Research has shown that of 284 suspected cases of alleged sexual
abuse against people with learning difficulties, only 63 (less than
a quarter) were investigated by police. And just two of these went
to court. And only one resulted in a conviction.1 So why
do so few cases go to court?
It has happened because either the vulnerable witness has been
unable to give their side of the story or, because of their
learning difficulty, has been considered “an unreliable witness”.
The Youth Justice and Criminal Evidence Act 1999 and guidance such
as Achieving Best Evidence2 have recognised
that with proper support vulnerable people can make good witnesses.
And, of course, with an everyday presence in the community, people
with learning difficulties are not necessarily only witnesses to
crimes against themselves.
However, there are concerns that resources and, in some areas,
commitment are not sufficient to effect changes. Not so in
Staffordshire. A partnership between social services and police has
resulted in a five-day vulnerable witness training course. “The
joint training with police is part of a broader training strategy
of the newly-formed Staffordshire adult protection committee,” says
Clive Cartman-Frost, vulnerable adults development officer,
Staffordshire social services.
To make the vulnerable witness training more real for participants
a whole day is spent meeting service users and carrying out video
interviews. PC Keith Pagett, Staffordshire police crime training
team, says: “Part of it for us is removing the mystique surrounding
police officers – people you normally come across in times of
stress or trouble.” And to change the way police perceive people
with learning difficulties. “We focus on their abilities not their
disabilities,” he adds.
Nichola Edge, manager of Lichfield Day Service for People with
Learning Difficulties, says:”It’s excellent for the users. It shows
they can be taken seriously, and listened to.”
Pagett says: “It’s understanding how we can get the best evidence
we can. It’s important, for example, not just to do an interview
but spend time to get a rapport with the person first.”
The big message from the course is the need to plan. To date 47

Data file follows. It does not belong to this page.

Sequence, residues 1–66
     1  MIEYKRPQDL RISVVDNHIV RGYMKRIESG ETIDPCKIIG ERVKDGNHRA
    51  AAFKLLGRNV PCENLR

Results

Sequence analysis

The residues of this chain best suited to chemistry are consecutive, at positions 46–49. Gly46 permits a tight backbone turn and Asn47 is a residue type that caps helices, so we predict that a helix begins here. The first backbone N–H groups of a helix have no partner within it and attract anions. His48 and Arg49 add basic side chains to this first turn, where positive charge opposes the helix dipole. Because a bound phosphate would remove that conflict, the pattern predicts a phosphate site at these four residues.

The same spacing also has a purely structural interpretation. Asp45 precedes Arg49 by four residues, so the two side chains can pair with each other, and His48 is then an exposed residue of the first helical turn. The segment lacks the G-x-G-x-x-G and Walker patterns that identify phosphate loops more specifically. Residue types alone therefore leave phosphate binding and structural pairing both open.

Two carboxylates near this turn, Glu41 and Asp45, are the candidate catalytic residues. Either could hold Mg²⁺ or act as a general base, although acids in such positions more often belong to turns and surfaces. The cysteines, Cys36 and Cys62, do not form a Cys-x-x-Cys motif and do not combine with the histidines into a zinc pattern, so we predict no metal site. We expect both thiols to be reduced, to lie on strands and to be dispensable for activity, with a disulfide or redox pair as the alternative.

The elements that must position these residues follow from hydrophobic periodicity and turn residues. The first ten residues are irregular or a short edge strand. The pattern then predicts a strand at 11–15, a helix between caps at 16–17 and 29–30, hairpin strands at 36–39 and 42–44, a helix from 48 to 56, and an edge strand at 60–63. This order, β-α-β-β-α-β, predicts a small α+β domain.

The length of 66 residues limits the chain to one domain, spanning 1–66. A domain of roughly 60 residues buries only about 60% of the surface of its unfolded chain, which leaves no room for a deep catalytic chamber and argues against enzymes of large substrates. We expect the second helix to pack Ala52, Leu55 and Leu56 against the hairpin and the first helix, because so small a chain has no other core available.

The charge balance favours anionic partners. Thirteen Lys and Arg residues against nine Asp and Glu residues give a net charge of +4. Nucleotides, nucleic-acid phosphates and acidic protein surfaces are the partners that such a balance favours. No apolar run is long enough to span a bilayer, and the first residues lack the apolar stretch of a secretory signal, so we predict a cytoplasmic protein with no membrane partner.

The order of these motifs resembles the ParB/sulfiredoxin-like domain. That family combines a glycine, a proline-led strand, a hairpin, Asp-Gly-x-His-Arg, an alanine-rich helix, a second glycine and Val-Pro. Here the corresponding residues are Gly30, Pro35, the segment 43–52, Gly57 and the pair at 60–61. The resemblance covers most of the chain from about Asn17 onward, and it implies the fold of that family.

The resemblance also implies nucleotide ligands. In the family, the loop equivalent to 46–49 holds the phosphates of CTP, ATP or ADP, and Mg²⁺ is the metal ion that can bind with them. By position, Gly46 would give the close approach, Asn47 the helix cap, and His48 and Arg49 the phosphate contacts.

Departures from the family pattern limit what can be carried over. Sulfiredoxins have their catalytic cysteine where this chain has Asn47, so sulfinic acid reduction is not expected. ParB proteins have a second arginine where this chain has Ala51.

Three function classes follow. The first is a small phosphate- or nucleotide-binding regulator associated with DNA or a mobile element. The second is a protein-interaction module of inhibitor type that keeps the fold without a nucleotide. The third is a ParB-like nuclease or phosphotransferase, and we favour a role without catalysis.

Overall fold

police officers and 12 social workers (three of whom work for
Stoke-on-Trent Council) have completed the course.
After an introductory presentation by Edge, participants then
attend a session, and use the time during lunch to get to know the
service users they are to interview. Video-taped interviews take
place in the afternoon after watching a tape of a theft.
Service user Mark Burbidge is a positive challenge for interviewing
because of his limited verbal communication. However, the way he
perceives the police now has changed: before, his sign for police
was to thrust his hands behind his back as if being handcuffed. Now
he uses the proper Makaton sign for police.
A meeting with six of the service users involved confirmed the
benefits. Not only do they enjoy the experience but they all now
see police as friendly and approachable. But, crucially, would they
now talk to police about something that was wrong? “You bet,” they
And early signs of the course’s usefulness are encouraging. A
police officer has called to the centre as part of an
investigation. “She came without uniform and in an unmarked car,”
recalls Edge. “She talked to me about what to do, about the user’s
communication skills. And the user’s keyworker went with the
officer to do the interview.” The social worker who arrived to join
them had also been on the training with the police officer. The
interview went very well.
Paula Burbidge, Mark’s mother, best sums up the success of the
scheme: “We’re absolutely delighted,” she says, “it’s a real step
forward that police are now seeking the views of people like
For more information call Clive Cartman-Frost on 01785 278530 or
Behind Closed Doors, Report from
Voice UK, Mencap & Respond, 2001. From 01332 202555
2 Home Office, Achieving Best Evidence in Criminal
Proceedings: Guidance for Vulnerable and Intimidated
Witnesses, Including Children, Home Office, 2000
Scheme: A training scheme
Staffing: From within existing staff
Inspiration: Home Office’s Achieving Best Evidence
Cost: The five-day course costs £111 a person and is paid
by participants’ employers